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- A domain-joined computer running Professional or Enterprise edition of Windows 10 or Windows 11.
- Active Directory PowerShell module installed on the computer.
Install RSAT tools
The remote server administration tools (RSAT) help admins remotely manage Windows Server roles from a computer running Windows 10/11. RSAT is a large collection of admin tools used to manage most server roles. However, for the purpose of this post, we are only interested in the Active Directory (AD) PowerShell module.
To check whether the AD PowerShell module is installed, launch an elevated PowerShell console, and run the following command:
Get-WindowsCapability -Name Rsat.ActiveDirectory* -Online | Select DisplayName, State
If you see State = Installed, you're all set. If you see State = NotPresent, run the following command to install the module:
Get-WindowsCapability -Name Rsat.ActiveDirectory* -Online | Add-WindowsCapability -Online
If you just installed the module, it is a good idea to run the Update-Help -Module ActiveDirectory -Force command to update the help files. Once you have the AD PowerShell module, you are ready to manage AD accounts remotely. To identify suitable cmdlets to work with AD accounts, use this command:
Get-Command -Noun ADAccount -Module ActiveDirectory
As you can see in the screenshot, there are four cmdlets. The cmdlet verb gives a fair idea of what each command does. For this post, we will use only the Search-ADAccount and Unlock-ADAccount cmdlets.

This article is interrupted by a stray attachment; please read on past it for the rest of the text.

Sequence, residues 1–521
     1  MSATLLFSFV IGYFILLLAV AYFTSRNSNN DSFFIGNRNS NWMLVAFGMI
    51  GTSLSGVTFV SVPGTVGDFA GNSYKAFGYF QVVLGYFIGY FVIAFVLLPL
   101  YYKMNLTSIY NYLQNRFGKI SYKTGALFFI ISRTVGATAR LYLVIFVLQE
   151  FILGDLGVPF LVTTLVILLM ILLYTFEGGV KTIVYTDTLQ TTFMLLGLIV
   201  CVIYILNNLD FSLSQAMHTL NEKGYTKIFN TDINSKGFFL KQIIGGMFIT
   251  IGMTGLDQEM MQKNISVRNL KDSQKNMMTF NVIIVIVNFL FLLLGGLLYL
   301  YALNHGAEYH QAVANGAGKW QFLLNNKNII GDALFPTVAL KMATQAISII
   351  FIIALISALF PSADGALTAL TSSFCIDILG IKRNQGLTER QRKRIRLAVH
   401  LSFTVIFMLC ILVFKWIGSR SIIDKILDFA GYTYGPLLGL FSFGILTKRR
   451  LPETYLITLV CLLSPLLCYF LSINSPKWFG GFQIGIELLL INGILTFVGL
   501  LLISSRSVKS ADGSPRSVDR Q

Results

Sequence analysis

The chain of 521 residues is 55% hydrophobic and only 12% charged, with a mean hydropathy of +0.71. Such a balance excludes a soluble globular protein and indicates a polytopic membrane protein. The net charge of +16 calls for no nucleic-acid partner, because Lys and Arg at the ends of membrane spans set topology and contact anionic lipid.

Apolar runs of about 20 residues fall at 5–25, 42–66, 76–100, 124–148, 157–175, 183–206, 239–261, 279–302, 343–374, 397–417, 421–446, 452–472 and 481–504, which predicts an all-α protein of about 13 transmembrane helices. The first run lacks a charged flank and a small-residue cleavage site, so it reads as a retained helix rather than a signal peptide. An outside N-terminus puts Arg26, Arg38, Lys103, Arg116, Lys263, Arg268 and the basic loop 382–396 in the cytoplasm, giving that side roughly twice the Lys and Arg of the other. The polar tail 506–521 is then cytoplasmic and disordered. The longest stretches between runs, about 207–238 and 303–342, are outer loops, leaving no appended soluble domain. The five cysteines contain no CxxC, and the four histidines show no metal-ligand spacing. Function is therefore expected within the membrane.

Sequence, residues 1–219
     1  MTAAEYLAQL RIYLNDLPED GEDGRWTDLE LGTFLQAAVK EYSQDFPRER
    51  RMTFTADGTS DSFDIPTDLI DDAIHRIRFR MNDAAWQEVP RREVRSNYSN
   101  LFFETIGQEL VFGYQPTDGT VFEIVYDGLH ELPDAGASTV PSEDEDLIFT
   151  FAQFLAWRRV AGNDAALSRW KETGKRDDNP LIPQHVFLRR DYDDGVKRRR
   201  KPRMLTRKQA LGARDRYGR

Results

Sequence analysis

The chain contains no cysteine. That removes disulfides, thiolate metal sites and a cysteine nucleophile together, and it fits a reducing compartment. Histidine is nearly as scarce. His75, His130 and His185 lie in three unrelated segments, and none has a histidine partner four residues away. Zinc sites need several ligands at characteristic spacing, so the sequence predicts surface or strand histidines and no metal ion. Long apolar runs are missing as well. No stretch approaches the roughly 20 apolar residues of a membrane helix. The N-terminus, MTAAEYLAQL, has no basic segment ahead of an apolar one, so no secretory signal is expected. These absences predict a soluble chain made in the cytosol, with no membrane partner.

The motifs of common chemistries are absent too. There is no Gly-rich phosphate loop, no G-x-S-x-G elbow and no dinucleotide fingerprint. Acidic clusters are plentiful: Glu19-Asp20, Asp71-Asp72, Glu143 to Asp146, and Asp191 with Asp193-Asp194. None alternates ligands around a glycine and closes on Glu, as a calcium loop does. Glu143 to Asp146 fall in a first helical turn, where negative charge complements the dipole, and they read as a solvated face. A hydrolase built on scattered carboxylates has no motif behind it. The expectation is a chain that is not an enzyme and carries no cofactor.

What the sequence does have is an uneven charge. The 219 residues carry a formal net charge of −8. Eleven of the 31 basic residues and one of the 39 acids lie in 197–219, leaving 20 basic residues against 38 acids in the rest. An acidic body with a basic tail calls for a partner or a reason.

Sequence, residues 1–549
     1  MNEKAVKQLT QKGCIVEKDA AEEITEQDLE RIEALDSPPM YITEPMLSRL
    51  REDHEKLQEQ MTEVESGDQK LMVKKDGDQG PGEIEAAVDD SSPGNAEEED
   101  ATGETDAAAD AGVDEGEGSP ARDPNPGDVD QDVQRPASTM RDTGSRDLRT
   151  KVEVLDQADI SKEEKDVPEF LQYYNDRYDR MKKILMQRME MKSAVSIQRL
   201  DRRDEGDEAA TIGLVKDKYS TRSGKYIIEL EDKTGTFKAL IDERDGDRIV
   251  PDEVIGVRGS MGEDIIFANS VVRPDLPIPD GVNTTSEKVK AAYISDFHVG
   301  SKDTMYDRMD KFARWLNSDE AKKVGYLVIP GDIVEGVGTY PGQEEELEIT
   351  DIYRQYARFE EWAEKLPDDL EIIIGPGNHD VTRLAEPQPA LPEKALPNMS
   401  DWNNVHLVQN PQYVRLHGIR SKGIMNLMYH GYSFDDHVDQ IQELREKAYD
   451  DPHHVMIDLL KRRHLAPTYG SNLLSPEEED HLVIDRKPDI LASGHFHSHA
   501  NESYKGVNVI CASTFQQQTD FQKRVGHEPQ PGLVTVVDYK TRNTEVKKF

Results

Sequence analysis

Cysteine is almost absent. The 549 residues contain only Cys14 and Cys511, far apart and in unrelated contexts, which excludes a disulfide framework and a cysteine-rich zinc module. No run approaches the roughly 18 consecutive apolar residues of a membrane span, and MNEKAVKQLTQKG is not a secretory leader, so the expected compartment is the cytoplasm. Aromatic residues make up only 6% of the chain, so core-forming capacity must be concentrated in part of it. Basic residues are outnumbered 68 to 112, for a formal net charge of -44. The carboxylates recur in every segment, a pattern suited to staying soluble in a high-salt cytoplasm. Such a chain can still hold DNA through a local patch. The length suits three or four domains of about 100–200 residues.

The Search-ADAccount cmdlet allows you to search for AD accounts based on various criteria. If you take a look at the command help, you will notice that it can search accounts that are disabled, expired, expiring, inactive, locked out, and that have a password that expired or that never expires. For now, we are only interested in locked-out accounts. By default, the credentials of the currently logged-on user are used on the remote domain controller, but you can use the -Credential parameter to supply alternate credentials.
Now, we can use the Search-ADAccount cmdlet, as shown below, to search for locked-out AD accounts:
Search-ADAccount -LockedOut -UsersOnly | Select Name, SamAccountName
This command lists all AD users that are currently locked out.
The Unlock-ADAccount cmdlet can be used to unlock AD accounts. If you take a look at the help section, you will notice that it accepts the -Identity parameter, which allows you to specify the SAM account name, the security identifier (SID), the globally unique identifier (GUID), or the distinguished name. To unlock a user account named Jack, simply run the command, as shown below:
Unlock-ADAccount -Identity jack
The command above does not produce any output, but the user account is silently unlocked. You could specify the -PassThru parameter, but that won't exactly show the LockedOut property for that user. Use the Get-ADUser -Identity 'jack' -Properties LockedOut command to see the updated state of the LockedOut property.
Unlock multiple AD accounts
If you want to quickly unlock multiple AD accounts that are currently locked out, use the following command:
Search-ADAccount -LockedOut -UsersOnly | Unlock-ADAccount -Confirm
Note that the -Confirm switch plays an important role here. It requires your confirmation for each account before unlocking it. This approach allows you to skip certain accounts that you don't want to unlock. If you omit the -Confirm parameter, PowerShell will unlock all the locked-out user accounts without any confirmation, which could be a really bad idea. The AD accounts are locked out for a reason; when incorrect password attempts exceed the maximum number allowed in the account lockout policy, the user account is locked out, and access to AD services is restricted. If you unlock all users without even thinking, it defeats the purpose of the lockout policy.
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That was it for this post. You just learned how to unlock one or more AD user accounts with PowerShell.